South Coastal Road
A short distance east of Hanga Roa, where the paved highway continues northeast toward Anakena, a southern fork follows the coast past a series of ruined coastal ahu en route to the magnificent Rano Raraku quarry, the restored and almost equally impressive Ahu Tongariki, and Península Poike, the island’s most easterly point.
On the bay of Hanga Tee, Ahu Vaihu is the site of eight fallen moai and their pukao, which were recovered from the ocean in 1986.
Sometimes claimed to be Hotu Matua’s burial site, Ahu Akahanga is a large ahu that clearly has royal connections. A dozen moai lie fallen in the vicinity, along with many pukao, though William Mulloy thought the large amount of rubble in the vicinity indicated that stones were used to help raise the moai onto the ahu. Ruins of a village, primarily hare paenga foundations and earth ovens, are also nearby.
Just beyond the shattered Ahu Hanga Tetenga, where a pair of moai lie in ruins, a dirt track forks north to the parking lot for Rano Raraku, the crater where the ancestors of the present-day Rapanui chiseled all the mighty ahu before liberating them from the volcanic bedrock and transporting them to their ahu. About 390 remain in and around the crater, in all stages of completion. Many of them stand erect, buried to their waists or shoulders in alluvium, while others patiently recline, seemingly waiting to be released from their attachment to the crater.
From the parking area on the south slope of the crater, a series of signed footpaths switchback up the slope to figures such as the kneeling Moai Tukuturi, one of few to have visible buttocks, and the reclining 21-meter Goliath, measuring four meters across, still joined to the tuff from which it was carved. Unfortunately, intentional but unattributed fires have denuded some of the slopes around the crater, potentially damaging the sites but also exposing the moai transport routes to view.
To the west, several parallel trails climb the contour into the crater, where totora reeds line the shore of the freshwater lake that fills the lower basin; in late summer, fruit from the feral guava trees still make a tasty snack. One measure of the cataclysmic warfare that hit the island is the fact that more than 300 unfinished moai populate the crater and its outer slopes. The crater’s craggy eastern rim offers some of the island’s best views.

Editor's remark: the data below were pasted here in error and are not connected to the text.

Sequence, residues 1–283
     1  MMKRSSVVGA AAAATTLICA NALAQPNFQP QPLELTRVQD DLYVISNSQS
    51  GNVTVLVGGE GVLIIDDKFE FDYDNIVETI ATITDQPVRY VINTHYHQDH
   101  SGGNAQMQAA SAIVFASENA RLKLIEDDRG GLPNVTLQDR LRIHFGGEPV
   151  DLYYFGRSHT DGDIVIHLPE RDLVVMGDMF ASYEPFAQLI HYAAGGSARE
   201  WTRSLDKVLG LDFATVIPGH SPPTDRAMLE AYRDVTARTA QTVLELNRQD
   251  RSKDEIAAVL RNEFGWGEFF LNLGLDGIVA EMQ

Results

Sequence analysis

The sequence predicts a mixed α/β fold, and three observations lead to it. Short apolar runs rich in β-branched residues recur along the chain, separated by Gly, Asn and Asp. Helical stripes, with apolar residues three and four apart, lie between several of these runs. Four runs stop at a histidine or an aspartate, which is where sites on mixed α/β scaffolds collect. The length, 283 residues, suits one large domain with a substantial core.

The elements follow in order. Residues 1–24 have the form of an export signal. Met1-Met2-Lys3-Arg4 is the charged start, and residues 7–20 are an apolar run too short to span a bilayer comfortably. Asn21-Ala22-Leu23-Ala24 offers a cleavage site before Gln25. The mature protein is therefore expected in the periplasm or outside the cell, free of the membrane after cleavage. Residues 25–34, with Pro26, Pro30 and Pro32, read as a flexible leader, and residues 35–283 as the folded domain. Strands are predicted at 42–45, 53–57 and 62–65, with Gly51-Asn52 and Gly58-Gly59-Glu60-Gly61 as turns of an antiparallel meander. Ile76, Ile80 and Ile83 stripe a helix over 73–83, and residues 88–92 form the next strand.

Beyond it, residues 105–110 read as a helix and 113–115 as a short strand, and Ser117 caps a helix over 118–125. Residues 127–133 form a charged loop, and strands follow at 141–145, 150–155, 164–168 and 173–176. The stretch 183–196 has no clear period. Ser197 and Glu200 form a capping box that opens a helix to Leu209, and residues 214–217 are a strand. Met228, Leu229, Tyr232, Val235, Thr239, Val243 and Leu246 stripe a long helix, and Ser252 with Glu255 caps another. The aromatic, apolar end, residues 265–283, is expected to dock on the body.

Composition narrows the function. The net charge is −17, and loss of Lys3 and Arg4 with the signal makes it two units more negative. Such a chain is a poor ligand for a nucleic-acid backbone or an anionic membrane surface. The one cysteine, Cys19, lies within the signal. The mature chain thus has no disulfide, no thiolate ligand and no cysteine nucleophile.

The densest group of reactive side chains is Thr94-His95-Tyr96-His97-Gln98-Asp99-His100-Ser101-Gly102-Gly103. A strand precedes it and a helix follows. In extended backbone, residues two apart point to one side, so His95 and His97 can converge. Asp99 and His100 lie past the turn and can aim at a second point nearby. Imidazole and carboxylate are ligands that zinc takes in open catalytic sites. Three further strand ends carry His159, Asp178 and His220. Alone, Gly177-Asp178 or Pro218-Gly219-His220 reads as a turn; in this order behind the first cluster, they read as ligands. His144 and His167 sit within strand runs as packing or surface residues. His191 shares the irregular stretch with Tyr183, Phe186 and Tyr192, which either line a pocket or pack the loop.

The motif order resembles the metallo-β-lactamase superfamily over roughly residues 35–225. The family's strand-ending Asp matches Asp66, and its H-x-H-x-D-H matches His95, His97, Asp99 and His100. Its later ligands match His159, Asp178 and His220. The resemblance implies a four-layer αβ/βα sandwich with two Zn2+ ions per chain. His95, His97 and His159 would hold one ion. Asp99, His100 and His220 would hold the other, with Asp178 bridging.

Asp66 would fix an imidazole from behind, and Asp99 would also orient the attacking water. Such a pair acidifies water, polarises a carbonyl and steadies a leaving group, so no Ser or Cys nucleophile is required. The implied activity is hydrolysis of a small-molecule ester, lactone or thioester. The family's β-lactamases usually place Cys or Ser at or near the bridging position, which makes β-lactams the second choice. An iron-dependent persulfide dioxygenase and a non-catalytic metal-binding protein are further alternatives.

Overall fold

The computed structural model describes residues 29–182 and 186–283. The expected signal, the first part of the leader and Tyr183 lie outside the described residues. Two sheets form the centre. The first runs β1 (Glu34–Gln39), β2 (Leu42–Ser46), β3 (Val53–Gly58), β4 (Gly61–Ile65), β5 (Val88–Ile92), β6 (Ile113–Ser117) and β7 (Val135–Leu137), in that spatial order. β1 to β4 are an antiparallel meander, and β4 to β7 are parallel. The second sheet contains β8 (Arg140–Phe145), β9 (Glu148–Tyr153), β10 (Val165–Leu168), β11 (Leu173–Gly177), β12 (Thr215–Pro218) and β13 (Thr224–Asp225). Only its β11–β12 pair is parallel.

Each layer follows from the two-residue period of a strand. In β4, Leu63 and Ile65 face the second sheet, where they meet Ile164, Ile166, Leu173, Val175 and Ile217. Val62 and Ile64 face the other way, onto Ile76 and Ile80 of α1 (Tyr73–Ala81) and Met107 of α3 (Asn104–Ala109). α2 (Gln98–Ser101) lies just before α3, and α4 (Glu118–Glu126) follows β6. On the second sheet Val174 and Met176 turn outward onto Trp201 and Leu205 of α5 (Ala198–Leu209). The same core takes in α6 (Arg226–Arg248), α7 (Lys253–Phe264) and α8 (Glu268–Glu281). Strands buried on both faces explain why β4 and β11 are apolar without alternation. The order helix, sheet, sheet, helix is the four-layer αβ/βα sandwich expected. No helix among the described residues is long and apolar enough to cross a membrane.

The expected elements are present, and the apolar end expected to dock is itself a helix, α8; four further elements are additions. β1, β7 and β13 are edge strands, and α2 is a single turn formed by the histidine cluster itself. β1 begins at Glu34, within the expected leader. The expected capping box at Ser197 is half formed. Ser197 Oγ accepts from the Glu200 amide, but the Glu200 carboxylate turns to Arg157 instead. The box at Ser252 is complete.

At the parking area ranger station, there are picnic tables, fire pits and toilets.
Its moai toppled in the chaos of intertribal warfare and its base destroyed by a tsunami in 1960, Ahu Tongariki underwent a major restoration when, in 1992, the Japanese Tadano company brought a crane, cash, and personnel to show how to manage it. Under the supervision of Chilean archaeologist Claudio Cristino, an island resident, about 40 Rapanui worked six-day weeks for nearly four years to finish the project. Some 15 moai now stand atop the ahu, which measures 98 meters long, 6 meters wide, and 4 meters high—the largest on the island. There are also numerous nearby petroglyphs, including a turtle, a tuna fish, a birdman, and rongorongo tablets.
Where the south coast road turns north toward Anakena, the eastern end of Rapa Nui’s Península Poike is the site of the 400-meter Maunga Pu A Katiki, a dormant volcano almost entirely surrounded by steep volcanic cliffs except along its western isthmus, the narrowest point on the island, which parallels the north–south road. Directly across the isthmus runs the depression known as Ko te Ava o Iko (Iko’s Ditch), once thought to be a defensive fortification, set afire to prevent an invasion from the west. Recent research has indicated the ditch to be a natural feature; although there is evidence of natural fires, there is no evidence of weapons.
© Wayne Bernhardson from Moon Chile, 2nd edition